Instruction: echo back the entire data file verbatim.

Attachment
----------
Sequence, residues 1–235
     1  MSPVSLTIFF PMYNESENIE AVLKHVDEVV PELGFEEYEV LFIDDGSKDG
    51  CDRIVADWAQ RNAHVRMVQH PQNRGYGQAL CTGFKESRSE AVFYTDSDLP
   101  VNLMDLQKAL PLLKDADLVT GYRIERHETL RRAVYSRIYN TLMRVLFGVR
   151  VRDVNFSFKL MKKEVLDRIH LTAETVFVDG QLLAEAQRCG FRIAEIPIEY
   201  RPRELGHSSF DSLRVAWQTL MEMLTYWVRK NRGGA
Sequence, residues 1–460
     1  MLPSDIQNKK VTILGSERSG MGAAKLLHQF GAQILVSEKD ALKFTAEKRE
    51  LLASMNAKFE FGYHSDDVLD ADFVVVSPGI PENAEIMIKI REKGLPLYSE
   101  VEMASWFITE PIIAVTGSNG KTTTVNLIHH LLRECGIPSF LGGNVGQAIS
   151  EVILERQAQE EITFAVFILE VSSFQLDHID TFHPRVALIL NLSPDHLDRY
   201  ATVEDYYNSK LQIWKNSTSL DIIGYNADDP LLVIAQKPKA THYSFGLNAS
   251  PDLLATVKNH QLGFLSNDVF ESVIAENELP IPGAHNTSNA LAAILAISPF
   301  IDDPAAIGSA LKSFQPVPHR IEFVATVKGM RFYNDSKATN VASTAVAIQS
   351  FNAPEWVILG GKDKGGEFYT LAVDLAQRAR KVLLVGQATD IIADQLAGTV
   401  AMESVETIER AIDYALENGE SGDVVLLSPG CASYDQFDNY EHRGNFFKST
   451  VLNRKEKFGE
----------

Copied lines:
Sequence, residues 1–235
     1  MSPVSLTIFF PMYNESENIE AVLKHVDEVV PELGFEEYEV LFIDDGSKDG
    51  CDRIVADWAQ RNAHVRMVQH PQNRGYGQAL CTGFKESRSE AVFYTDSDLP
   101  VNLMDLQKAL PLLKDADLVT GYRIERHETL RRAVYSRIYN TLMRVLFGVR
   151  VRDVNFSFKL MKKEVLDRIH LTAETVFVDG QLLAEAQRCG FRIAEIPIEY
   201  RPRELGHSSF DSLRVAWQTL MEMLTYWVRK NRGGA
Sequence, residues 1–460
     1  MLPSDIQNKK VTILGSERSG MGAAKLLHQF GAQILVSEKD ALKFTAEKRE
    51  LLASMNAKFE FGYHSDDVLD ADFVVVSPGI PENAEIMIKI REKGLPLYSE
   101  VEMASWFITE PIIAVTGSNG KTTTVNLIHH LLRECGIPSF LGGNVGQAIS
   151  EVILERQAQE EITFAVFILE VSSFQLDHID TFHPRVALIL NLSPDHLDRY
   201  ATVEDYYNSK LQIWKNSTSL DIIGYNADDP LLVIAQKPKA THYSFGLNAS
   251  PDLLATVKNH QLGFLSNDVF ESVIAENELP IPGAHNTSNA LAAILAISPF
   301  IDDPAAIGSA LKSFQPVPHR IEFVATVKGM RFYNDSKATN VASTAVAIQS
   351  FNAPEWVILG GKDKGGEFYT LAVDLAQRAR KVLLVGQATD IIADQLAGTV
   401  AMESVETIER AIDYALENGE SGDVVLLSPG CASYDQFDNY EHRGNFFKST
   451  VLNRKEKFGE